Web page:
Reflecting on our identity as LGBT people of faith and as an LGBT faith community

Modern  icons

Image 1 – A selection of modern icons from Brother Robert Lentz OFM which we reflected on during the day.

BY POPULAR REQUEST, members of the community that meets monthly at St Bride’s Church, Liverpool for the Open Table LGBT service spent a day away again this month, six months after our first away-day last October.

Following the theme of identity and individuality we explored in last month’s service, we developed and deepened this at St Joseph’s Prayer Centre in Formby on Saturday 7th May.

As we approach the seventh anniversary of the Open Table service in July, we also reflected on what it means to be a community of LGBT people of faith.

Continue reading


LGBT History Month: What’s your story? #LGBTHM15

LGBT History Month logoFEBRUARY is LGBT History Month in the UK – marked every year in the UK since 2004 to remember and celebrate the lives and achievements of LGBT people past and present.

It was set up by Sue Sanders, founder of Schools Out, a group for LGBT teachers since 1974.

LGBT History Month is a wonderful opportunity to explore the lives of people who have come before us, those who have made an impact on the way that lesbian, gay, bisexual and trans (LGBT) people can live their lives today.

Each year LGBT History Month has a theme – The theme of this year’s campaign is ‘Coded Lives’, featuring people from history who have lived ‘coded lives’ – i.e. hidden their true identities in various ways: diaries, slang, artwork and clothing.

They are:

  • LesbianAnne Lister, a diarist from the 1700’s who wrote in code to record her intimate feelings for other women
  • GayKenneth Williams and Hugh Paddick, actors who performed on BBC Radio in Polari, the language used by gay men to communicate with each other to avoid detection when their relationships were criminalised
  • BisexualFrida Kahlo, a Mexican painter who portrayed her ‘otherness’ in striking self-portraits
  • TransChevalier d’Eon, a diplomat who lived publicly as a man and a woman
My contribution to the campaign was to find new ways to share stories I have previously posted on this blog.

Continue reading


WATCH: Project Triangle – LGBT youth visit Auschwitz

projecttriangleTODAY is the seventieth anniversary of the liberation of Auschwitz, the Nazi concentration camp in Poland where around 1.5 million people died because they were different.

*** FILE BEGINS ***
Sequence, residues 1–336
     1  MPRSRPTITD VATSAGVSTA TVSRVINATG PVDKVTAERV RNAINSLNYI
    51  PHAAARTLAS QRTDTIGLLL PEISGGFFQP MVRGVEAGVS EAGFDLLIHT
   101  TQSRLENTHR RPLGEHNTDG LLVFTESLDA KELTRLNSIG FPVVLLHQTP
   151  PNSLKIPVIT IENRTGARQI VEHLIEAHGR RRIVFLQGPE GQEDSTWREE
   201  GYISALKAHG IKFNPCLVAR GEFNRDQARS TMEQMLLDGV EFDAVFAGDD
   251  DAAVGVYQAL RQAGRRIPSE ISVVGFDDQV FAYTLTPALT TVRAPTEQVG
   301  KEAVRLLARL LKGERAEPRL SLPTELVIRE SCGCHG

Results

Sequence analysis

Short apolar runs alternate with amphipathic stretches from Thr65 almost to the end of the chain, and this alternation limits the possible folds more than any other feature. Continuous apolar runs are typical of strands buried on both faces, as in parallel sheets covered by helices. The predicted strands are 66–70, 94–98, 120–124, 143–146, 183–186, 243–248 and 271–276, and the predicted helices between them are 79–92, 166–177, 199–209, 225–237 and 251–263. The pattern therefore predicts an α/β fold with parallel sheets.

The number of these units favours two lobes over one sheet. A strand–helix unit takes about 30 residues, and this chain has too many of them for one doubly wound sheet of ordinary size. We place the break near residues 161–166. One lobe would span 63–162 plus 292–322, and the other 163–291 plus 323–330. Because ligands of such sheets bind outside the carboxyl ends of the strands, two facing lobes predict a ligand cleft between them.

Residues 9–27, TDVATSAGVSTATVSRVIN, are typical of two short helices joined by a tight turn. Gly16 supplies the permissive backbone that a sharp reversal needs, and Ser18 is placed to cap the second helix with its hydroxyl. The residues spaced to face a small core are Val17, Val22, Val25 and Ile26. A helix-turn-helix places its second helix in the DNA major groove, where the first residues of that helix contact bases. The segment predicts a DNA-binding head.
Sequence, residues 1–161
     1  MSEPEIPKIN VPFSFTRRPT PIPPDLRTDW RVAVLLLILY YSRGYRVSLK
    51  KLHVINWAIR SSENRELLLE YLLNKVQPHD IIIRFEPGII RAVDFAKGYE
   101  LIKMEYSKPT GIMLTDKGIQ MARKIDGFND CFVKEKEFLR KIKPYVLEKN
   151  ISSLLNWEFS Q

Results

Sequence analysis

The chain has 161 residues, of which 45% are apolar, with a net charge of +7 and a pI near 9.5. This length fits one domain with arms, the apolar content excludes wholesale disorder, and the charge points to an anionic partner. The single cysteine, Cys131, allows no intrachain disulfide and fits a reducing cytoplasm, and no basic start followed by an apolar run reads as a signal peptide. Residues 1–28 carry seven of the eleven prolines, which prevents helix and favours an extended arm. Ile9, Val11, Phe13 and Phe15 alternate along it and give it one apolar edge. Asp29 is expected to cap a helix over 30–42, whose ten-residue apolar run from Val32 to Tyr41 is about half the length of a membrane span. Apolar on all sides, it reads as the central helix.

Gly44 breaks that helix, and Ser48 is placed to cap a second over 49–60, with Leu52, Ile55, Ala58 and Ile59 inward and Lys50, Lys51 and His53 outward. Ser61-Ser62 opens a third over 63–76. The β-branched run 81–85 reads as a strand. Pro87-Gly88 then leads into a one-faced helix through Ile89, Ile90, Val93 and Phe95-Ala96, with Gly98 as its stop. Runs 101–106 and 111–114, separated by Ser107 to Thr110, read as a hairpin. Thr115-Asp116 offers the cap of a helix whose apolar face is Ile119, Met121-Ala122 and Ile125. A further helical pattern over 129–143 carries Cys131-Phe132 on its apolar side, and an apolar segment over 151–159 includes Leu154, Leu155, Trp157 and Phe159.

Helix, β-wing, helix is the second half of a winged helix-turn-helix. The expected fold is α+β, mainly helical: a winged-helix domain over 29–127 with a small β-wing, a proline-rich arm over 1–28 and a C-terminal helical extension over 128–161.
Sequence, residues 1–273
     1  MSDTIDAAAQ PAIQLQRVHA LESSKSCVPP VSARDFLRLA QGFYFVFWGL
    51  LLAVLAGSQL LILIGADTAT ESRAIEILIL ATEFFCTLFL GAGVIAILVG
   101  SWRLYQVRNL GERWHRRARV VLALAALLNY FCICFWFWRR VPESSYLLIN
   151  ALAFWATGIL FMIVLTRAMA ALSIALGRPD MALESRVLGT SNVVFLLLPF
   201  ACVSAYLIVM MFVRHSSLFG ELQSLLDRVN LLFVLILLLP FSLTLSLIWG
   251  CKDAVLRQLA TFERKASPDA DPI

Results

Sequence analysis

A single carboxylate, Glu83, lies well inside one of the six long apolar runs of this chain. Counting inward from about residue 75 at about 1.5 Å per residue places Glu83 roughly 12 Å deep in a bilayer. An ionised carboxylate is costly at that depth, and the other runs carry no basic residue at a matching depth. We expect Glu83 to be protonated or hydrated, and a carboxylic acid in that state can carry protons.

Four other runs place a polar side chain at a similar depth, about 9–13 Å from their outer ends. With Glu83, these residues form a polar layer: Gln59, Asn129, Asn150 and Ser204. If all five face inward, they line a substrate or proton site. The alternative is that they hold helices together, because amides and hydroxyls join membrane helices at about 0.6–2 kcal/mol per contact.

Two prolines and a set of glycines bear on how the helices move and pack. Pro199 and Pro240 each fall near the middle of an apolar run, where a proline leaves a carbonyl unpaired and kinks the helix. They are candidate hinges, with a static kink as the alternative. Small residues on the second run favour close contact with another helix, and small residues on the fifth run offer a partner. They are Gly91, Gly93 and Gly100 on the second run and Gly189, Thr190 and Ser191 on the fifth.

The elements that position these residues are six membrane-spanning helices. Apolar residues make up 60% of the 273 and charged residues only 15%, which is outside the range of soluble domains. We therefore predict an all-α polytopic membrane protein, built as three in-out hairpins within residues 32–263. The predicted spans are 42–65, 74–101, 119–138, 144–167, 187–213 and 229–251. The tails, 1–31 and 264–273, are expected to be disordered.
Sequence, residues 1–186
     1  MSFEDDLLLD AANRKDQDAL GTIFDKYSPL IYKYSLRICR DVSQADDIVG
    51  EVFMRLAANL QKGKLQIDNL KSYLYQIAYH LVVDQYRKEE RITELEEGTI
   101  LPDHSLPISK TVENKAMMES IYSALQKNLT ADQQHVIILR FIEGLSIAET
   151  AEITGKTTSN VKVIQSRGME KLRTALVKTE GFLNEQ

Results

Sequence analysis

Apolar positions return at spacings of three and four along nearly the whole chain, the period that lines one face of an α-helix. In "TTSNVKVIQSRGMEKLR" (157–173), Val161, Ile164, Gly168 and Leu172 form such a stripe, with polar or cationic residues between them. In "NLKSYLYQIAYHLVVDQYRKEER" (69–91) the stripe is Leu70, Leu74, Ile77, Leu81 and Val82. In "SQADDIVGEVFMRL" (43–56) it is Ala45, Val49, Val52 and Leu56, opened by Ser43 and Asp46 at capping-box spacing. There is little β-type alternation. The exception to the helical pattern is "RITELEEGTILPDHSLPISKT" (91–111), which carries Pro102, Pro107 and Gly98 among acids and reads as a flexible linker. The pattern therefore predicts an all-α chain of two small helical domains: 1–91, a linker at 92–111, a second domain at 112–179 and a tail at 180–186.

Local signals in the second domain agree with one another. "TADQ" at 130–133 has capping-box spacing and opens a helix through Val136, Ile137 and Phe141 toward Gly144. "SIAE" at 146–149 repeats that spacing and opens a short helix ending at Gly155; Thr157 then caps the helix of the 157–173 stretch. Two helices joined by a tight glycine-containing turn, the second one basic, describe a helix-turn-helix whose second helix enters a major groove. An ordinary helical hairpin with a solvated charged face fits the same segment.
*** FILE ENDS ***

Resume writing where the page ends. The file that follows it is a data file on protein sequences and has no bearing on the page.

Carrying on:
In September 2009, I accompanied ten young lesbian, gay, bisexual and transgender (LGBT) people from Merseyside on a five-day cultural exchange trip to Auschwitz and Warsaw working with a group of young Polish LGBT people from the Campaign Against Homophobia (KPH).

The exchange enabled the group to understand the Holocaust and the fate of many LGBT people at that time, its impact on European and LGBT social history, as well as challenging past and present issues around hate crime. Continue reading


2014: A big year for UK marriage equality

Keep calm and support marriage equality2014 was a big year for marriage equality in the UK.

Same-sex marriage is now possible in the United Kingdom, with the exception of Northern Ireland. As marriage law is devolved to the governments of each country in the Union, the status of same-sex marriage is different in England and Wales, Scotland and Northern Ireland. Continue reading


Loving from the bottom of the heap – a gay Christian reading for Christmas

Love AnywayAt a carol service last Sunday, hosted by Open Table, an LGBT Christian community in Liverpool, I read one of the readings, which I found moving, inspiring and too good not to share:

The most powerful place from which to renew the face of the earth is the bottom of the heap. Continue reading


Diversity Role Models – challenging prejudice one story at a time

Diversity Role Models logoA YEAR AGO I trained as a volunteer with Diversity Role Models, a charity which offers workshops in schools featuring positive LGBT or straight ally role models who speak directly to young people about their experiences, to challenge bullying by promoting empathy. They began in London in 2011 and are now expanding across the UK, including Merseyside where I live and work. I have been with them into several schools across the region this year, which has been a great privilege and pleasure. During the workshops two role models speak for five minutes each to tell their story, then answer young people’s questions. Here is the story I tell:

Continue reading


Would Jesus save the railways?

The name Jesus in graffiti on the side of a train

Last week a YouGov survey won the booby prize for the most stupid question in an opinion poll:

Do you think Jesus would support or oppose renationalising the railways, so they are run in the public sector rather than by private companies?

It’s unlikely Jesus would have held a view, given that public transport had not been invented. But as one wag pointed out on Twitter: ‘He arrived by Virgin‘!

Continue reading


‘You Gotta Have Faith’ – Diva magazine debate on faith & sexuality

L-R: Rabbi Ariel Friedlander, Rose Neelam, Jane Czyselska, Peter Tatchell and Vicky Beeching

Tonight in Liverpool, Diva magazine editor Jane Czyselska chaired a debate between veteran human rights campaigner Peter Tatchell, Christian commentator and musician Vicky Beeching, Rose Neelam, a muslim and Project Director of Safra, and lesbian Rabbi Ariel Friedlander, as part of the annual Homotopia LGBT arts festival.

Read Peter Tatchell: My journey to Humanism

Read The Independent article about Vicky Beeching coming out here

Read Rose Neelam’s biography from UK Black Pride here

Listen to Rabbi Ariel Friedlander here

Watch the event here (some sound interference from mobile devices):